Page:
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What Women Voters Want From Presidential Debate

(credit: KTVT/KTXA) Bud Gillett
Bud is the most veteran reporter at CBS 11 News with 42 years in m...
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DALLAS (CBS 11 NEWS) – A new term is emerging for a valued demographic in this year’s Presidential election: an undecided voter dubbed the “Wal-Mart Mom.”

A pollster, not affiliated with the actual store, created the term to identify the kind of frugal voter he wanted to attract.

Ahead of the first Presidential debate on October 3, CBS 11 talked to several young women about what they want to hear from the candidates to help them make up their minds.

“I’m undecided at this point,” says Jasmine McGown, who has an eight-month- old daughter.

She says a candidate’s moral views will help sway her on some issues, but she wants practical answers, too.

“A lot of time what they talk about is marriage, abortion, those types of things. But also the economy is a big thing for me,” she says.

Money is also on the mind of first year law student Ashley Teague.

“I’m interested in issues with the student loan debt and policies aimed at that, and the job outlook and the economy, and I do want to hear about those issues.”

Rebecca Daldin is blunt. “I’m just not happy with either party,” she says.

According to Daldin, and the women surveyed, a candidate’s view on the national economy may not be at the top of the list of needs, but it is always on the list. “It’s just gradually gotten worse,” she adds. “So we just need somebody who can improve it.”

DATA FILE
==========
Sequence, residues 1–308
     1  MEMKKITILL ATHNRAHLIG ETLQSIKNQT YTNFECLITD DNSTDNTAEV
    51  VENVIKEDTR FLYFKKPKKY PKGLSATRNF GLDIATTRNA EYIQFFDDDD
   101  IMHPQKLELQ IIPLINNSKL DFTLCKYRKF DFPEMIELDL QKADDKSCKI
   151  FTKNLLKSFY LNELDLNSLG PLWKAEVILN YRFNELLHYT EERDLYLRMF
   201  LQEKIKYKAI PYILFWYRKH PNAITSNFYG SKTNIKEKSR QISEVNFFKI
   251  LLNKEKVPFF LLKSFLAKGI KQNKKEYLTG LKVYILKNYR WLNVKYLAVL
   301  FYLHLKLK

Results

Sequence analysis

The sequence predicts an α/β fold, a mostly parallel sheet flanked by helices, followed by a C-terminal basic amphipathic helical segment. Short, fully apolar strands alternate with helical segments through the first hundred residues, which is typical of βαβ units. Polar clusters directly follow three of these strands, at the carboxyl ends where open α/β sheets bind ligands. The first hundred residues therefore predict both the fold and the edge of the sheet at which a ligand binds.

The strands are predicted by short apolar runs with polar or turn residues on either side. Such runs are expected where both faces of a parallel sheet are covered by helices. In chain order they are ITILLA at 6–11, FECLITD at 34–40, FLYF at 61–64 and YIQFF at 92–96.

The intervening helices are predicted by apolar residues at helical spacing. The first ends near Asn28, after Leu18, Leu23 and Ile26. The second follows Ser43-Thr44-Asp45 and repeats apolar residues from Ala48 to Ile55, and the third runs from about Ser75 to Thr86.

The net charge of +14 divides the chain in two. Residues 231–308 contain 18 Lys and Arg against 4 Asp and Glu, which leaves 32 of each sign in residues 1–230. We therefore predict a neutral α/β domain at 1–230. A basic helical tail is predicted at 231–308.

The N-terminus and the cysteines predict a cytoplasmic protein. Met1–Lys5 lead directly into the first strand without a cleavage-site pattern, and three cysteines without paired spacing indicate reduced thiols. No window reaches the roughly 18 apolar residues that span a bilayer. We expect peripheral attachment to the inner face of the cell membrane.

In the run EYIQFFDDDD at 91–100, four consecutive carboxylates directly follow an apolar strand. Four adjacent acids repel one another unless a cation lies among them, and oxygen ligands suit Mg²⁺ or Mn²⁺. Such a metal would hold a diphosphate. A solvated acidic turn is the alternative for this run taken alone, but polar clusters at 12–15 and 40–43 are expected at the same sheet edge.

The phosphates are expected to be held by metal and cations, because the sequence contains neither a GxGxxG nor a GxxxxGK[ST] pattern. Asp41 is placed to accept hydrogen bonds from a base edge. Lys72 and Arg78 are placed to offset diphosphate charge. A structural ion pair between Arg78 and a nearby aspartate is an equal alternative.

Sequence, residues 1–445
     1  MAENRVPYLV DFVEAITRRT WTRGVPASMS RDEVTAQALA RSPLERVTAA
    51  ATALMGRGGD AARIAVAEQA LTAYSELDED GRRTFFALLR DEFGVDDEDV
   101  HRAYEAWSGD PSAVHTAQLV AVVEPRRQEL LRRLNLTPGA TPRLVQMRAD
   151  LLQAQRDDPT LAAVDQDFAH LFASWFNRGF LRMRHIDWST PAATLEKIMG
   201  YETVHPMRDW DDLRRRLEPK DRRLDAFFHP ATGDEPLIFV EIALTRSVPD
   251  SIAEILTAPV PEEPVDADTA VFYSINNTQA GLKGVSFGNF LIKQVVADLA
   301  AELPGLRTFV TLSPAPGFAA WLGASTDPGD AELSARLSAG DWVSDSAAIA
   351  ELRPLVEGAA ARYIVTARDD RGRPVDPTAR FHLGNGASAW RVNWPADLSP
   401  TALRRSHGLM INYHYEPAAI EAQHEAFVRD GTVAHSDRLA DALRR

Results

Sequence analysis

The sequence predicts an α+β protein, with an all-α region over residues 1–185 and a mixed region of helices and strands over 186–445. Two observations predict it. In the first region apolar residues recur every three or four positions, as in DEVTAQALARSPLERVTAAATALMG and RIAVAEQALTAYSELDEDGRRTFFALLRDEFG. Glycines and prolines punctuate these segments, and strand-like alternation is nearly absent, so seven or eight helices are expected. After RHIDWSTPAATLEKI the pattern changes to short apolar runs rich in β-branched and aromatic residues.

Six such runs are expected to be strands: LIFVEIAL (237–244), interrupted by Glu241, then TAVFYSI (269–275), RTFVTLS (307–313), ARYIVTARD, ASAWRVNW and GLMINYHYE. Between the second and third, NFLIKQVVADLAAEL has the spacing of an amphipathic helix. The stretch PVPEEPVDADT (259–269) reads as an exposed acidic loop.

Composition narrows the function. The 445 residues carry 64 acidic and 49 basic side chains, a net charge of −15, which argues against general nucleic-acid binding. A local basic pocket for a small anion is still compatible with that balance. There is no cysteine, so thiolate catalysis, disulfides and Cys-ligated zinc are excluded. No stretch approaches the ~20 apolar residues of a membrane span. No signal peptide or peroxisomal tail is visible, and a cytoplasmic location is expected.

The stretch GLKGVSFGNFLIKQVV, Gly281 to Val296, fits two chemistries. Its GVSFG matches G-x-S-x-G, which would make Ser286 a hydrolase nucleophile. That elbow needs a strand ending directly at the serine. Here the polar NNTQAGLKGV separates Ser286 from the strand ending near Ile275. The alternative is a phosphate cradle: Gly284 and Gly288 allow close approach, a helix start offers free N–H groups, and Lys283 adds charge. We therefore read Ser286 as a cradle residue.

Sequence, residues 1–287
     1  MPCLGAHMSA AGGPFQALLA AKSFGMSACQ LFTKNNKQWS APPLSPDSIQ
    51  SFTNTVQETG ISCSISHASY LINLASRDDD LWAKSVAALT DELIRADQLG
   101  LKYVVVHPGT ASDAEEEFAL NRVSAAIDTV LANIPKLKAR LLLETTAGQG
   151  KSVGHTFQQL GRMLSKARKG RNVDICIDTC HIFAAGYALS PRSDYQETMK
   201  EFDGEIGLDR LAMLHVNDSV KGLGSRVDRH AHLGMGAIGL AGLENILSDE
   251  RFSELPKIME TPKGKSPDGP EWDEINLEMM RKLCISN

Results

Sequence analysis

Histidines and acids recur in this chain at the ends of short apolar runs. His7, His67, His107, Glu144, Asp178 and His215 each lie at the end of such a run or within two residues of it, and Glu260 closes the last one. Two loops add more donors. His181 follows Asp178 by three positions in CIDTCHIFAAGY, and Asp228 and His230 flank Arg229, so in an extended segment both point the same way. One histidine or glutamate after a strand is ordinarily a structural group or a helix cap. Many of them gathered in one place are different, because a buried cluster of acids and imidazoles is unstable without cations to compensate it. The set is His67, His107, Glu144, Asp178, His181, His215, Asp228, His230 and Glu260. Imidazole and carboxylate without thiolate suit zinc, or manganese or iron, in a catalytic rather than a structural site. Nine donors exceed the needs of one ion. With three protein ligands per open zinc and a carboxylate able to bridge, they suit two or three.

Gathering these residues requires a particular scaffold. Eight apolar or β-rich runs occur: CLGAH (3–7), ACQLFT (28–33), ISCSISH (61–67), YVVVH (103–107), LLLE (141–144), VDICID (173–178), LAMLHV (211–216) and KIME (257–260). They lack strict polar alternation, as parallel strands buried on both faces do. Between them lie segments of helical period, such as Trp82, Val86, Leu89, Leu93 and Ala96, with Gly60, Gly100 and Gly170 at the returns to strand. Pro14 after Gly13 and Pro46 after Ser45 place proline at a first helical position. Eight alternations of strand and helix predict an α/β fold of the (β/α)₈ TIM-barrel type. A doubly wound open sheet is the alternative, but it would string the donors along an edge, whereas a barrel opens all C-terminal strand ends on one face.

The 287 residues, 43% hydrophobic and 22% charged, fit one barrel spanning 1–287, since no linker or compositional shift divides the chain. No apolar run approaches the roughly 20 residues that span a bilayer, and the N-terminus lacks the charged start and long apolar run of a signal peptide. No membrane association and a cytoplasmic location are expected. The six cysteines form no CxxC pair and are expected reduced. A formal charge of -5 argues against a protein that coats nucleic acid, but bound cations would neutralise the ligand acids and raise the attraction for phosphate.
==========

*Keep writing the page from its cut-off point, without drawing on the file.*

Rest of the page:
A Reuters/Ipsos poll claims undecided voters are 6% of the electorate. More than half of those are women, with little or no college education, and likely earning 25-thousand dollars a year or less.

The undecided women voters we surveyed agreed on another thing. They say they want to hear facts from the men who want their votes.

“At the end of the day, I think that it comes down to the facts,” says McGown. “What I believe the candidate is saying to be true, and who’s more trustworthy based on how they’ve voted previously, what they’ve done in office or where have they served prior to –what have they actually done?”

Teague, the law student, adds, “I do want to hear specific plans they have, I don’t want to hear generic proposals.”

But she is mum on which candidate with whom she thinks she will support.

“I am leaning a certain way. Unfortunately I haven’t been able to say I’m one way or the other. Definitely an independent; I don’t belong to either party, but I am leaning a particular way.”

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